I have read a sentence in my language and i wanted to translated into english. the sentence read:

One's belief is never consummated except unless he realizes........

and I want to paraphrase the senence to be as follows:

Consummated not one's belief unless he realizes.....

is the paraphrased sentence correct as well?

  • Replacing except unless with unless is a good idea, since the former is simply wrong. But what you did to the first part of the sentence doesn't work. You can't just remove a verb and jumble the order of the words like this, the sentence is no longer readable.
    – oerkelens
    Commented Aug 4, 2016 at 17:18
  • @oerkelens thank you for your comments..but how paraphrase this sentence so that to start the sentence with "consummate"...or it is not possible?
    – Amrmsmb
    Commented Aug 4, 2016 at 17:25
  • You could do something like consummated one's believe never is... but that sounds strange (though grammatical). Why would you want that? It makes you sound like Star Wars' Yoda.
    – oerkelens
    Commented Aug 4, 2016 at 17:33
  • @oerkelens :) ...because in my language i can start the sentence with "consummate2 normally and it would be grammatically sound....so i though that could be in english as well..thank you
    – Amrmsmb
    Commented Aug 4, 2016 at 17:36
  • Well, it can be done grammatically, but in general, the order in English is Subject - Verb - Object : The man kicked the dog. This order is actually one of the things linguists look at when comparing different languages. Never assume that what goes in language A will work in language B :)
    – oerkelens
    Commented Aug 4, 2016 at 17:46

2 Answers 2


Yes, you may rephrase your sentence the way you want, but you must first understand the structure of the original sentence:

Subject (belief) Copulative-Verb (is) ... Predicate-Adjective (consummated)

To transpose the adjective to the beginning of the sentence changes its function from predicative to descriptive. This means that you must select another stative verb to replace is to declare the condition of existence. You have several choices -- arises, obtains, comes about, etc. So you have

Attributive-adjective (Consummated) Subject-head (belief) ... Stative-verb (arises) ....

Now you have to add the qualifying clause that gives the realization exception to the never. The problem is that you've lost the antecedent for the person doing the realizing. You could say

Someone's consummated belief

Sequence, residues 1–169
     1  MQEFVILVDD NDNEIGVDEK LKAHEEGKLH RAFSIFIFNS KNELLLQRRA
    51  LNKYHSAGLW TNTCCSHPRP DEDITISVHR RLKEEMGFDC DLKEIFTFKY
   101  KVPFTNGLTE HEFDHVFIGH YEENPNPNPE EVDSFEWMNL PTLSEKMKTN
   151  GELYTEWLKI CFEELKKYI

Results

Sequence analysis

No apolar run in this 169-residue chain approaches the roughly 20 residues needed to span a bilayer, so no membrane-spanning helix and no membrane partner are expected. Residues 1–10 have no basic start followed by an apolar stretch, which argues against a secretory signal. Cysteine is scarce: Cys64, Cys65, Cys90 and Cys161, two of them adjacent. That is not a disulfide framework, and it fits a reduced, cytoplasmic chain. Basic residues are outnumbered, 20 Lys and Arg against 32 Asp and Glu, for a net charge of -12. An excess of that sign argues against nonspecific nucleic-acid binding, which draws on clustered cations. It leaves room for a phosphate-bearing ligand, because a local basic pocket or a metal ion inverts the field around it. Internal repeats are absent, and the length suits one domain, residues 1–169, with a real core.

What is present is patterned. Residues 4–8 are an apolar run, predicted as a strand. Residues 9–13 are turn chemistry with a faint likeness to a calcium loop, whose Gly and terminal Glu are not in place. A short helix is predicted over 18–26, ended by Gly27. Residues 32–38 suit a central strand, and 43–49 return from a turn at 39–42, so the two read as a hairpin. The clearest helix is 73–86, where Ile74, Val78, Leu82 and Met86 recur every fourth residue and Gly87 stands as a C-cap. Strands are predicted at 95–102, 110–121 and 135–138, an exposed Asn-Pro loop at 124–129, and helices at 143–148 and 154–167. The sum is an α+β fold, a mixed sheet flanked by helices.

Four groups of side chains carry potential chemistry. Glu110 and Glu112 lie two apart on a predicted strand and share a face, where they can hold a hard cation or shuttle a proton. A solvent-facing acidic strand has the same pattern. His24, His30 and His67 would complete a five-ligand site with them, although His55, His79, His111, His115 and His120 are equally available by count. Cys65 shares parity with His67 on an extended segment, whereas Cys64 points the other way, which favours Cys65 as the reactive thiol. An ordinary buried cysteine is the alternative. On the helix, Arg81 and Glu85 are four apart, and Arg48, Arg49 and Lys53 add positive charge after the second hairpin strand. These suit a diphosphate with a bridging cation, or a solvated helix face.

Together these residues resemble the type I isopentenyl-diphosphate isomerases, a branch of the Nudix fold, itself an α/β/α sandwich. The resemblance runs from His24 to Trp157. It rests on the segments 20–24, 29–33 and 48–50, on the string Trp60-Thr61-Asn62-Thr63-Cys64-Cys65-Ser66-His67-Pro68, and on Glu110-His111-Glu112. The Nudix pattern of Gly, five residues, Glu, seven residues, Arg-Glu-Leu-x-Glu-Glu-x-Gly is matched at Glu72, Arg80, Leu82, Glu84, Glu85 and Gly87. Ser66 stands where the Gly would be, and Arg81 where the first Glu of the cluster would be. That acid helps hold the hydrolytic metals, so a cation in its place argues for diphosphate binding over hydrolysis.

but that displaces the word consummated from the first position. You could say

Consummated belief for someone

For me, both these solutions raises a slight tension between the declaration of a quite definite thing (someone's strong belief) and that thing's nonexistence. One solution is make the subject of the qualifying clause a noun in its own right and not a reference:

Consummated belief never arises unless the believer realizes ....



A restatement of a text, passage, or work giving the meaning in another form Merriam Webster

You could not really call your 'paraphrased' sentence a paraphrase as it uses too much of the original form.

The key here is that you need to give the meaning 'in another form'. You need to use different words to express the meaning.

In order to paraphrase the sentence you have quoted. First of all you have to be absolutely clear on the meaning of it yourself. Then you need to pick suitable words to express the meaning. This is actually a rather advanced skill as you need to not only fully grasp the meaning of the original sentence, but you need to have a sufficiently advanced vocabularly and written skill set, such that you can select a completely different form, to represent the original meaning.

You would usually paraphrase to make the meaning clearer for a different type of audience than the original sentence was intended for ; or to summarise a lengthy series of statements into a shorter more succinct form for brevity in relating the meaning.

Taking your phrase:

One's belief is never consummated except unless he realizes........

What does this mean?

The belief that someone has, is never made complete unless he realizes...

I fear you may have ended the original sentence too early, because as it stands it is not crystal clear what the intended meaning of that sentence was. The meaning depends on what the realization is, that the person needs to have.

However in its present form, you might paraphrase it as follows: -

Someone never truly believes until he realizes that...

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